I am the laziest traveller cuz I don’t do any research prior to my trip; also because I didn’t have time as I was finishing my essay. I hope you’re not expecting to learn facts or read about Portuguese history in this blog post – cuz that’s what Wikipedia and Wikitravel are for – but there’ll be loads of pretty pictures and food recommendations I promise. Where was I, right, no research, it has its upside because the best way of exploring a city is to get lost in it!

I decided to fly into Porto only because it’s cheaper than flying to Lisbon, which worked very well for me because all the other places that I wanted to see are to the south of Porto. It was all sunny and warm in the UK the day before I left, so as you can imagined, I was a bit bummed when I arrived in cloudy Porto which later started to rain – I was planning on getting a tan 😦 But nothing’s going to ruin my holiday.

I arrived on a Sunday, so most shops are closed. I had my first meal in Café Luso (Praça de Carlos Alberto 92) and tried the traditional “francesinha”. It’s a sandwich layered with bread, ham, sausage, steak and covered with melted cheese and gravy served with fries – basically a heart attack lol Personally I didn’t like it, but I love trying local dishes when I travel, then you can tell people whether or not you like it and why.

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Porto is rather small, just the way I like it – everything’s within walking distance. Two days is more than enough to do all the touristy things on your checklist: Torre dos Clérigos, Ponte D. Luís I, Igreja de São Francisco (not that impressive imo) and Estação de São Bento (stunning!) to mention a few.

If you’re a book lover and are always drawn to bookstores, Livraria Lello is a must-go. It’s one of the oldest bookstores in Portugal and one of the most beautiful in the world. I’ve been told that it was frequented by J. K. Rowling when she taught English in Porto. It seems to me that everyone’s trying to make money out of Rowling, you know, this and the Elephant House Café in Edinburgh. I wanted to get an English translation of their traditional folktale, but sadly their English section is very limited (and disorganised; I started rearranging the books for half a minute and stopped when I realised what I was doing lol).

My favourite thing about Porto/Portugal is azulejo, their traditional painted tin-glazed ceramic  tilework. You can see them everywhere, less in Lisbon though. Blue is my favourite colour and I gasped a little too loudly when I accidentally found Capela das Almas 😮 São Bento train station is also known for its tiled panels.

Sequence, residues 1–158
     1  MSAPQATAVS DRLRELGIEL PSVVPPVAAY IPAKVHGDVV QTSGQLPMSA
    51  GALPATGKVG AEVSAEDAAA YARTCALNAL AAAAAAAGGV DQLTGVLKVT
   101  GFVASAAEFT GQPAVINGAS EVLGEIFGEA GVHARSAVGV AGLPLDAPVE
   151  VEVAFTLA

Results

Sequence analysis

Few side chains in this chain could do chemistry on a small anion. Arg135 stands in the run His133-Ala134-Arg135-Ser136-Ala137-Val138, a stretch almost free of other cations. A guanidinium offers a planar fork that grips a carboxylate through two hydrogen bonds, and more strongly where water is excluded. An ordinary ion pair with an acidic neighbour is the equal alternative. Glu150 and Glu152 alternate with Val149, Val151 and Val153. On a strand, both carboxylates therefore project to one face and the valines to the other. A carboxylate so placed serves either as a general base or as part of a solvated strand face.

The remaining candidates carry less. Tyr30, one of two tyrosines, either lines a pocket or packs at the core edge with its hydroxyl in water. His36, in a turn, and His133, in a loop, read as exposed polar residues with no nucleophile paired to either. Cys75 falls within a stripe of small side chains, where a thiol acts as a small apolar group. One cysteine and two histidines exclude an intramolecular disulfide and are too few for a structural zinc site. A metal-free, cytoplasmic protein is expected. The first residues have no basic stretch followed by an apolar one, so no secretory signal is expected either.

Everyone has been to Lisbon, but Porto is so underrated. If you love wine, there are some great wine/port tour that I didn’t have time to do. I don’t think I’ve seen Portuguese wine in shops or on menus (outside Portugal I mean) but they’re really good and cheap! The river is so calming; the alleyways are full of surprises; Portuguese people are very friendly and speak good English (I’m so disappointed with myself for my Portuguese has not improved at all after travelling in Portugal for 10 days). I’m so glad that I’ve decided to see Portugal 🙂 Below are some recommendations:

Best sunset spot/view of the bridge and river: The Gaia Cable Car upper station, Calçada da Serra 143. It’s just right off the bridge on the other side. I didn’t pay to take the cable car, instead I just sat on the edge of the wall. If you’re classier than me, there’s actually a wine bar right next to it.

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Best sandwich shop: A Sandeira, Rua dos Caldeireiros 85. Best. Sandwich. Ever. Terrific lunch deal between noon and 3pm. Limited space though. Closed on Sunday.

Best seafood restaurant: Adega São Nicolau, Travessa São Nicolau 1. Mixed reviews online but I really enjoyed my 2-hour dinner with the view of the river. Good food, good wine and free port with dessert. Must make reservation in advance.

Best hostel: Gallery Hostel, Rue de Miguel Bombarda 222. Hostel in an art gallery, wonderful staff who gave me the most elaborated tour of the city on a map upon arrival, spacious and clean room with comfy beds and nice hot shower. Big breakfast included and also got a rooftop terrace.